The renowned chess team from the University of Maryland, Baltimore County came in last on Sunday in one of the nation's premier college tournaments, the first time in a decade that the school did not finish in either first or second place.
Texas Tech University took top place after a series of team round robin games in what is called the President's Cup, held this year in Tysons Corner, Va. The tournament is regarded as the "Final Four" of college chess. "Our players are depressed," said Alan T. Sherman, director of the program.
UMBC has dominated the world of college chess for the past decade, giving the relatively small college a place on a prominent stage, winning six of the past 10 Final Four tournaments. This year's team was led by Sergey "The Stealth" Erenburg, an international grand chess master, along with grand masters Leonid "Chief" Kritz and Giorgi Margvelashvili and international master Sasha "Plaplan" Kaplan.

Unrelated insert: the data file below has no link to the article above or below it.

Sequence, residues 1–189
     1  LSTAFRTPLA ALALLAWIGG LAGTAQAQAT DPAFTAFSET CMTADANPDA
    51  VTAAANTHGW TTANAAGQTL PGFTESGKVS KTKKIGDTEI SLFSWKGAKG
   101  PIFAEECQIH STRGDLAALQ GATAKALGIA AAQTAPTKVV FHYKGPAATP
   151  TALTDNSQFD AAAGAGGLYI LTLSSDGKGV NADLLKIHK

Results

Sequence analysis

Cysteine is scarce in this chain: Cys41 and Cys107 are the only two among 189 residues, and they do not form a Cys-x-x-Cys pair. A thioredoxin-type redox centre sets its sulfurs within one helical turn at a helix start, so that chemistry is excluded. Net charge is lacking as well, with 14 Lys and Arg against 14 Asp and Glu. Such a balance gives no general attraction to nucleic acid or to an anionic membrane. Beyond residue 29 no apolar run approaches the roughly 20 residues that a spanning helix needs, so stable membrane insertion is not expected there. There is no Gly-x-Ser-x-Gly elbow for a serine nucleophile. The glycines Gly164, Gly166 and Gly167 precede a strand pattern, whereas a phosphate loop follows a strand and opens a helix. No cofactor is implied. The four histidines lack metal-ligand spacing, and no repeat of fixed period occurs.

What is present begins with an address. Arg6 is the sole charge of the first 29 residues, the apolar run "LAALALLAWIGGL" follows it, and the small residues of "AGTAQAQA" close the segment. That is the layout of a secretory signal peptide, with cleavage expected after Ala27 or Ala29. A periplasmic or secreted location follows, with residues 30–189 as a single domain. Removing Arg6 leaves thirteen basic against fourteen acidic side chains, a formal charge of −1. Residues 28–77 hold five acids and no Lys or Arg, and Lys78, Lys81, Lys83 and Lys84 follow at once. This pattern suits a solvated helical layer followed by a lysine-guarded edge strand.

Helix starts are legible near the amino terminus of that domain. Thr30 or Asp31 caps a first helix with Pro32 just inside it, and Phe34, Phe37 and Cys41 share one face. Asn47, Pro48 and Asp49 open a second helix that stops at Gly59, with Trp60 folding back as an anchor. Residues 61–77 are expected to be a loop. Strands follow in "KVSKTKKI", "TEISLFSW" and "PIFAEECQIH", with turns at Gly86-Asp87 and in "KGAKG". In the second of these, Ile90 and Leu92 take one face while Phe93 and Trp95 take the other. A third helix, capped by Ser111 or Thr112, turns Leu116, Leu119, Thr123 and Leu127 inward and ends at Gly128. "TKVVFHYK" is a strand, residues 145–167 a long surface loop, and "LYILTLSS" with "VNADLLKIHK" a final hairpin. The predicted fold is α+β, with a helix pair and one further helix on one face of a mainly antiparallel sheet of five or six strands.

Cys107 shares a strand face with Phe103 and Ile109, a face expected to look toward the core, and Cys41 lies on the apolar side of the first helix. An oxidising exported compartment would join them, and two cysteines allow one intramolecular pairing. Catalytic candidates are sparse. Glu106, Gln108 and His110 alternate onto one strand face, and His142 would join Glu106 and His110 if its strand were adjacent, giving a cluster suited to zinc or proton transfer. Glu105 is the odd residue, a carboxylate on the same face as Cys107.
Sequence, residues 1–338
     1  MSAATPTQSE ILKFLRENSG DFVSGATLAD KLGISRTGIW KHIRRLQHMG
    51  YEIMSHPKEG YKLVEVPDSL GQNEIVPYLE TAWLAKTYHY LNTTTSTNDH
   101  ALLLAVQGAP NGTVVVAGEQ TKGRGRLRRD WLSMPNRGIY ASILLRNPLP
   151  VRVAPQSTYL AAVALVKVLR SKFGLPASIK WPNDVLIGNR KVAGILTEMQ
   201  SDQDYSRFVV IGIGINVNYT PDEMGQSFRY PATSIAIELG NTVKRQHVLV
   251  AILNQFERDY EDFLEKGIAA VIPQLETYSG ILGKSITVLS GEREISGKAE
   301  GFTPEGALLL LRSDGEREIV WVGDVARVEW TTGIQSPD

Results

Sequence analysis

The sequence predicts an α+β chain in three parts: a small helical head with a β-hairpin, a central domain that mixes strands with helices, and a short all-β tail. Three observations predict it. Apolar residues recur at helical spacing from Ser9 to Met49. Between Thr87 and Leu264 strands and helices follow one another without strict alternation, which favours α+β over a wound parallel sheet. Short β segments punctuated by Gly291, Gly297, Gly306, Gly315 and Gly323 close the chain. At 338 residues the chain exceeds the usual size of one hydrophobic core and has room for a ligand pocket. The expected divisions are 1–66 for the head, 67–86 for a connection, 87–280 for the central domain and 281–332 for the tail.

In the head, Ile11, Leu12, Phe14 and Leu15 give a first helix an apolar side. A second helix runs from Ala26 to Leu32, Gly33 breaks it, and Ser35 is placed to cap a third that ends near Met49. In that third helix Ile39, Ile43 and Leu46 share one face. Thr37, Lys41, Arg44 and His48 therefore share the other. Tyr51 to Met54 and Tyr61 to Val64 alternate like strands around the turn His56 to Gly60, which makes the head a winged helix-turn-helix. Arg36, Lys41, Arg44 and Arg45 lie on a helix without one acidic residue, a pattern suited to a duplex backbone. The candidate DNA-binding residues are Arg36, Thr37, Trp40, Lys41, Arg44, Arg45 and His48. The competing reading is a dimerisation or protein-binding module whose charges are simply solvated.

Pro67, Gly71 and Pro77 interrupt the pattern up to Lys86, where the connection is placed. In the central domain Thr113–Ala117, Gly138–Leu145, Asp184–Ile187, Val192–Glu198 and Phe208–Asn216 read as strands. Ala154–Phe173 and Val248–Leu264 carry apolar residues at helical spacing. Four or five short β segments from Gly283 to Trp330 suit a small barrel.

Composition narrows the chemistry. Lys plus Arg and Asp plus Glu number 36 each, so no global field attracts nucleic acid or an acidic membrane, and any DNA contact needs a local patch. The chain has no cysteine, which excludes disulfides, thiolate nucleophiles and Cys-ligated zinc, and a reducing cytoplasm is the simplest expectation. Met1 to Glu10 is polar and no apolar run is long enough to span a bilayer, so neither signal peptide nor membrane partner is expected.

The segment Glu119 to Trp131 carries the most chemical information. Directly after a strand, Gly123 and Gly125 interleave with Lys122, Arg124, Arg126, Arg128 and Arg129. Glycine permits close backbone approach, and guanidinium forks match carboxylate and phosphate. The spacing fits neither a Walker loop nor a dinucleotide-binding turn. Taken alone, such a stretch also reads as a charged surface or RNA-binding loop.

Sherman, who also is an associate professor of computer science, said Margvelashvili had to be pulled from the games after undergoing emergency surgery on Tuesday. But he said that was only a contributing factor to the poor showing.
"I think some our players just did not have a good tournament," he said. "It was a very close event. The final outcome was very much in doubt until the very last event." The University of Texas-Dallas came in second and the University of Texas-Brownsville finished third.
UMBC qualified for the tournament by finishing second in the Pan American Intercollegiate Team Chess Championships that concluded in December in Milwaukee. UMBC had won the Pan Am games the year before.